This Week's Links
Bare Boating Exposes You to Wet Fun back to TTN home page
by Joe Harkins - Mar 17, 99
Sorry to disappoint some of you, but a bare boat is not a cruise ship full of nudists. On the other hand, given what a bare boat really is and the circumstances, there's no reason you can't go sailing as totally nude as your sunblock lotion rating will allow.
Bareboating involves renting a fully equipped boat (sail or power) and operating it yourself. Boats range in size from intimate two-person craft to those large enough to host a few dozen passengers. Many of the resources reviewed this week also offer training for the required certification. If you wish, you may hire an optional chef or skipper or complete crew.
The bareboat concept is especially popular in regions such as the Caribbean, Bahamas, Virgin Islands, Mediterranean and South Pacific where the boating season is long enough to make it an attractive business proposition. Often, the boats available for charter are someone's prized possession that is rented out, usually through a broker, to defray the cost of ownership.
If you've owned a boat of any size, you no longer think it's funny to hear "boat" defined as, "a hole in the water into which you pour money." Affordable Yachting is an association of boat owners who rent their boats directly to vacationers in hopes of reducing the size of that hole.
Charters are not limited to tropical waters. There are summertime operators in Canada and throughout the USA. Some of the best venues are deep in the heartland around the Great Lakes. Even the fjords of Alaska's Inside Passage are bareboatable in season through North Sailing Charter.
Also, huge inland seas formed behind major dams in Kentucky, Tennessee, California, Colorado, Arizona, Texas, Alabama and elsewhere lend themselves to delightful houseboat cruising. Those are worthy of an entire column and will be covered in next week's Travel The Net.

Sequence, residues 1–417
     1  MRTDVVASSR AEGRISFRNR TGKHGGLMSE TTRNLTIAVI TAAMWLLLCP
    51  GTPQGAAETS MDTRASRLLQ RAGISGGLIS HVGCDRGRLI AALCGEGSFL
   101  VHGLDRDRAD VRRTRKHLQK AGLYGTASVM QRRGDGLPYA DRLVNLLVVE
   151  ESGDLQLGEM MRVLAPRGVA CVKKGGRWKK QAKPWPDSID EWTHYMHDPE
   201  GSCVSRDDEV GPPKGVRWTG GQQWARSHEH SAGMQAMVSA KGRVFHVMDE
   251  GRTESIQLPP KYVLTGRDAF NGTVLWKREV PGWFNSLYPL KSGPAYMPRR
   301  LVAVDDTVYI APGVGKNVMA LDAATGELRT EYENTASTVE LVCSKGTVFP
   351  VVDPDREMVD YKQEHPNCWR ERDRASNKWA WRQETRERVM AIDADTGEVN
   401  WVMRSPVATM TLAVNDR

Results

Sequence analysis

Boatz 'n Yachtz offers an impressive overview of bareboating. However, the pages suffer from that old left-to-right scrolling problem. The BVI Vacations site is less detailed but more accessible. The Moorings, working through a network of agents, seems to have the broadest coverage in terms of locations and equipment.
If you have a lot more patience than I have, the Bareboat Depot promises access to "the world's largest fleet of bareboat sailboats and motor yachts." I hope those who run the operation know more about maritime navigation than the painfully little they apparently know about web site navigation. It's a mess. Maybe the facts are in there somewhere, but I gave up after too many meaningless banners and silly animated graphics without ever finding solid information.
In contrast, a refreshing sea breeze is found at Wild Cat Sailing Co. The pages are well organized and (almost) free of animated gimmicks. Its Caribbean selection, boasted as the largest of its type in the region, is focused on Trimarans and Catamarans. The sailing school offers lessons for " . . . novice and experienced sailors alike. You can come along as a whole family and have a combined instruction and vacation week keeping everyone happy. Or you can try some serious 'down island' cruising learning the art of celestial navigation and tasting some blue water seamanship along the way."
One of its competitors, The Catamaran Company, hosts an equally clean and informative web site. There are a number of membership clubs that promise significant bareboat charter savings. I have no information on how well any deliver on their promises but if the Caribbean Cruising Club is typical, the prices seem to be a bargain.
Bareboat charter operators from around the world are linked from Boat Show. But, since the list is limited to paid advertisers, here's a selection of additional sources by region or country:
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